Rural concessionary bus pass holders are losing travel entitlement due to cheeseparing decisionmaking by our penny-foolish pound-foolish county council.
Harsh words? I will tell more. In recent years, where scheduled bus transport is not supported (and SCC has made a point of not supporting rural scheduled buses over the last decade), demand responsive transport (DRT) is provided instead. Initially bus pass holders had the same rights on DRT bus transport as they would have on the scheduled service. In 2016 this changed (You can read details here): http://carolinepage.blog.suffolk.libdems.org/2016/06/16/will-your-pass-be-accepted-on-sccs-new-community-transport
I was delighted at the time to discover that Suffolk Coastal bus pass holders together with most other districts would not lose entitlement, though very concerned that Mid-Suffolk bus pass holders would. I was also concerned that this loss of entitlement might spread. I was right!
Hidden in this year’s budget (Appendix E p5 Table 1.3: Tactical Savings – Cost Reductions) is the following: COST-GHI-4 Passenger Transport: Removal of Concessionary Fares from Connecting Communities “to ensure consistency of pricing through Suffolk.”
These are weasel words. “Consistency of pricing” could more fairly be achieved by restoring concessionary fares to Mid Suffolk than taking them away from everywhere else. This decision is expected to save £30,000. Less than half of what our fiscally prudent administration wasted on the recent 14pp ResPublica report on Housing. Talk about inappropriate priorities.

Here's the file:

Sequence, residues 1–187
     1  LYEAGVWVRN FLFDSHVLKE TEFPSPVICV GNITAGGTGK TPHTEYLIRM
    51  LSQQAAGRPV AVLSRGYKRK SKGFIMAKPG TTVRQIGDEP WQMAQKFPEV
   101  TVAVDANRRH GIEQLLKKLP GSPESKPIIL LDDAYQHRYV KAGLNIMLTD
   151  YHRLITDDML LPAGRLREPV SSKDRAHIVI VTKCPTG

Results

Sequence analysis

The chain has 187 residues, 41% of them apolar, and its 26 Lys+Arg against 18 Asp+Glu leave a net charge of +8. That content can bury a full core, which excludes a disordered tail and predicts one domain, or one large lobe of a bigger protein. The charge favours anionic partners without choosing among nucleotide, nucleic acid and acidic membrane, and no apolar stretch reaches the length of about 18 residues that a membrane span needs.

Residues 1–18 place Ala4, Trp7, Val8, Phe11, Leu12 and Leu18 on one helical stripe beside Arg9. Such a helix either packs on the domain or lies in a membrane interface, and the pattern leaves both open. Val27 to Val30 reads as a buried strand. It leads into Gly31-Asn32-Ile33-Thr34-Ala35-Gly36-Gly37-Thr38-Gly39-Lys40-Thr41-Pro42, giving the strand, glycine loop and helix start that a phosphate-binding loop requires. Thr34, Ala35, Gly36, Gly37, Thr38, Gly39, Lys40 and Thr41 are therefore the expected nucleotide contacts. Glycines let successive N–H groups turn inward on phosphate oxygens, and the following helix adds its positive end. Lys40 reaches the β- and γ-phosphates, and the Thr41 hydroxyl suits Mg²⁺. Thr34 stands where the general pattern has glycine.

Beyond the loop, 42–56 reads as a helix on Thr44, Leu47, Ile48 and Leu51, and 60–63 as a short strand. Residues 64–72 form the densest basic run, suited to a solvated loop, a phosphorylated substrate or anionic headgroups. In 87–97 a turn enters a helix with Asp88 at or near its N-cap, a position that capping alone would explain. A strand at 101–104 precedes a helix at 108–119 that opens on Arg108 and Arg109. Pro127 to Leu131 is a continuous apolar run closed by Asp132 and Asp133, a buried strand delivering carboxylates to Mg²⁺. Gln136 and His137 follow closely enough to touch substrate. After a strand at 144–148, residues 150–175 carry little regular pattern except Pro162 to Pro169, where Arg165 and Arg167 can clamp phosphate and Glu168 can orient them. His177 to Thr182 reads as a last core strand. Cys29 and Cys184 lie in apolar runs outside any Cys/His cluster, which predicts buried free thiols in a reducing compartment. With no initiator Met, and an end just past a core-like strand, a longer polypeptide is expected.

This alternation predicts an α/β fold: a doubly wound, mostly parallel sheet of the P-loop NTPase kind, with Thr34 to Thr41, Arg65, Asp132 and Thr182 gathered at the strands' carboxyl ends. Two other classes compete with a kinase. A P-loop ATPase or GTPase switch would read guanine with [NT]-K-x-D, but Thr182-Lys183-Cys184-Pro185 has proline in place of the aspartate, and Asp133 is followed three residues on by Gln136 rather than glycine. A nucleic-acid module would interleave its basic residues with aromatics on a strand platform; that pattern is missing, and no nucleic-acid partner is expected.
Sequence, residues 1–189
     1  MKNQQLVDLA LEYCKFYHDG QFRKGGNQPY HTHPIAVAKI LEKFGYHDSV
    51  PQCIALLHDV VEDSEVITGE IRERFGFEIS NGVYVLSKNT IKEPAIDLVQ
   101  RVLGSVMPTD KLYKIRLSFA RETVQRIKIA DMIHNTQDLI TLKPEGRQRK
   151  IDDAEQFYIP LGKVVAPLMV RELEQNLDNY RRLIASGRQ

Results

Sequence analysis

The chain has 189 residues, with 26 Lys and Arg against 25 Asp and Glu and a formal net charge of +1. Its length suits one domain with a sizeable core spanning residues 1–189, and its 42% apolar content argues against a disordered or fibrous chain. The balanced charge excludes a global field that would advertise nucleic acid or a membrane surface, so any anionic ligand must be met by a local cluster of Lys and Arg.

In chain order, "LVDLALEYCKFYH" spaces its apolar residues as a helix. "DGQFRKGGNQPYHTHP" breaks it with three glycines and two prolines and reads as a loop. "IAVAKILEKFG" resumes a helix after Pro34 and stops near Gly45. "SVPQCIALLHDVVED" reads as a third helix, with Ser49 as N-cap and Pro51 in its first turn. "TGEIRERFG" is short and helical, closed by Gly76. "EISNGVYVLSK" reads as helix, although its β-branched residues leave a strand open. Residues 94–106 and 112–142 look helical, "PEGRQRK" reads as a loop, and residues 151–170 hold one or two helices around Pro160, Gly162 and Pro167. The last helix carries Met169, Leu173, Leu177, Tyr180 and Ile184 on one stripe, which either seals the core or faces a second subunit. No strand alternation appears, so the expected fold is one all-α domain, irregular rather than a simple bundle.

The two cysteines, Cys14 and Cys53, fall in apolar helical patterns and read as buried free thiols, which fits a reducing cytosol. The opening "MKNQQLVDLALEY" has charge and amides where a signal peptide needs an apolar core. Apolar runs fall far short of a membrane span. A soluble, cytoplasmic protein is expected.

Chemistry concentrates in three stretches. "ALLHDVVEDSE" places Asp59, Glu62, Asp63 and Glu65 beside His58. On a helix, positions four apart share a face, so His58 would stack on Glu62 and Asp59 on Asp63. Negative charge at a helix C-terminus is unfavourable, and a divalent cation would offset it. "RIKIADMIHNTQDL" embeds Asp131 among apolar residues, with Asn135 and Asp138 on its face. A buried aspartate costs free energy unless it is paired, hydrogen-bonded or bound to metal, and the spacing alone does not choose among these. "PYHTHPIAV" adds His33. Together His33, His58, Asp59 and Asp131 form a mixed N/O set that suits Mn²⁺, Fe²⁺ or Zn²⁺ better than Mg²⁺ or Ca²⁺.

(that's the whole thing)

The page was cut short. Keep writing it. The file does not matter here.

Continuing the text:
Put this together with the budget cut advertised on p7 of the same Appendix E (Table 1.6: Tactical Savings – Service Reductions): SER-GHI-12 Passenger Transport: Net savings achieved through a reduction in funding for sponsored bus services combined with an investment in the Connecting Communities demand-responsive community transport service) you can see the administration are creating a perfect storm for those least able to manage: the elderly and disabled with few other choices. All to save another £340,000. Both sums added together are less than a TENTH of the sum County’s Tory administration tossed casually to ‘consultants’ for the failed Orwell Crossing).
So why does this matter? The issue is one of equality. If you are unable to use your bus pass and are entitled to one, you can swap your entitlement for (I think) £100.00 of travel vouchers annually. This is useful if you are eg so disabled you cannot access buses, and therefore cannot make use of them.
However in the situation where a bus pass holder is not offered any local buses, they may be very enthusiastic users. This decision means such people have to choose between the vouchers for very local transport- and a bus pass that can be used on every scheduled bus service going throughout the UK, but not locally.
These two linked budget decisions therefore represent a huge loss specifically to elderly and disabled rural people with few transport choices – either financially, or in terms of transport freedom.
Only an administration which has no understanding or reliance on a bus pass would have considered or enacted it…